More than 1,600 species spotted

These colorful versute sharpshooters (Graphocephala versuta) were observed in October 2011 on the shore of Weston Mills Pond at Rutgers Gardens.
Photo: Lena Struwe/Rutgers University-New Brunswick

American kestrel. Chinese mantis. Candleflame lichen. The highly diverse list of species spotted at Rutgers University may be unique globally.

Indeed, more than 1,600 kinds of animals, insects, plants and other life forms have been reported so far at 24 Rutgers campuses and properties across New Jersey as part of a new long-term Flora and Fauna of Rutgers University biodiversity project.

“I don’t know of any other university that has a growing species list on such a large scale for all their campuses and properties, such as within an entire U.S. state,” said Lena Struwe, a professor in the Department of Ecology, Evolution, and Natural Resources and Department of Plant Biology at Rutgers University-New Brunswick. “Anyone – not just students, faculty or staff – who walks through one of our forests and sees something can participate.”

The citizen science-driven project is generating data for the global research community, encouraging people to reconnect with nature and the species that live around us, enhancing student learning and promoting environmental awareness and protection, she said.

Struwe launched the project in January through iNaturalist, a website where people can report observations at all Rutgers-owned properties in the Garden State. They include campuses in Newark, Camden, New Brunswick and Piscataway, along with off-campus farms, field stations, coastal research labs and nature preserves.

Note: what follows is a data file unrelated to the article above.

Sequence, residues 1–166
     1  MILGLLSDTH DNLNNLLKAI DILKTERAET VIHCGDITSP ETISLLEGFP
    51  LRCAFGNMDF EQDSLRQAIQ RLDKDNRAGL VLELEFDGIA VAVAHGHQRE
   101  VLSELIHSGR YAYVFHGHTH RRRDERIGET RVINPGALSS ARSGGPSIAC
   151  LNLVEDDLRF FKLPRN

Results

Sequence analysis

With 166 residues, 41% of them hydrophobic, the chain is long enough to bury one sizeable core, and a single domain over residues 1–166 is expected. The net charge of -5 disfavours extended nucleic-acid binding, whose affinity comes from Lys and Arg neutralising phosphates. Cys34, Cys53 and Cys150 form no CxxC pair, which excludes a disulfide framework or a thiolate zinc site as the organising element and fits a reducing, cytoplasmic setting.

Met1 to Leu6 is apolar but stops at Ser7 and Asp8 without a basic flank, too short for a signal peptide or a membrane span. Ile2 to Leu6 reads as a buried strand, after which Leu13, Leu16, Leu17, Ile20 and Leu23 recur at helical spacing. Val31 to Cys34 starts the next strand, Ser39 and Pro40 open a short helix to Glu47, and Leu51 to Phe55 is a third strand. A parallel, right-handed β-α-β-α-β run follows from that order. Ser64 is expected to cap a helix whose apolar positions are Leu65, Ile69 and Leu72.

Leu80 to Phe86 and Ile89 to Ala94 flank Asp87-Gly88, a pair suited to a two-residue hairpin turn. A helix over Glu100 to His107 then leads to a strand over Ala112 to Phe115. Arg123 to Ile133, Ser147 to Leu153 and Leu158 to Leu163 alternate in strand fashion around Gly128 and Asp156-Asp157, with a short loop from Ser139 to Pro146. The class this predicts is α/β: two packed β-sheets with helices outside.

“You don’t need to know the species name,” Struwe said. “That is the beauty of iNaturalist, since other iNaturalist users anywhere in the world can help you figure out what it is.”

You don't want to eat this bur cucumber (Sicyos angulatus), which was spotted on Rutgers' Cook Campus in October 2011.
Photo: Lena Struwe/Rutgers University-New Brunswick
The Rutgers list includes all species ever observed on university properties and reported to iNaturalist. One participant uploaded a 1997 observation in 2017, she said.

“We have all these lands, gardens and fragments of nature and we also have all these species that we share the campus with,” she said. “This is their home. We share the space and our lives with them. This helps science and helps society understand the need to protect the environment.”

People are encouraged to report observations of all wild, captive or cultivated species, ranging from toadstools to bald eagles to tomatoes. So far, more than 500 people have made more than 11,600 observations of plants, animals, insects and other species.

The list dovetails with the sixth Personal Bioblitz, which is scheduled for March 1 to May 15. The Bioblitz seeks participants who record their observations of wild and naturalized species that survive without human assistance anywhere in the world.

“Like the Flora and Fauna of Rutgers University project, the Personal Bioblitz is a way to encourage anyone to see, learn and care more about the environment and species around us, wherever they are,” said Struwe, who directs the Chrysler Herbarium and serves as faculty director of Rutgers Gardens, both part of the School of Environmental and Biological Sciences.